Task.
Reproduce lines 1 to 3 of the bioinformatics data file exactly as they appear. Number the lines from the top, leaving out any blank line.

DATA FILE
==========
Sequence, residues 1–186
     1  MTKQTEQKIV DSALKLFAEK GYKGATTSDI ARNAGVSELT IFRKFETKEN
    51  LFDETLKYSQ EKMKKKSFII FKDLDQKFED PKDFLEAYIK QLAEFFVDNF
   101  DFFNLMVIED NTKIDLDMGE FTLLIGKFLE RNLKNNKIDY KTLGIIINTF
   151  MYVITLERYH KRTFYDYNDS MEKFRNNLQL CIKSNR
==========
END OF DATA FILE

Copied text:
Sequence, residues 1–186
     1  MTKQTEQKIV DSALKLFAEK GYKGATTSDI ARNAGVSELT IFRKFETKEN
    51  LFDETLKYSQ EKMKKKSFII FKDLDQKFED PKDFLEAYIK QLAEFFVDNF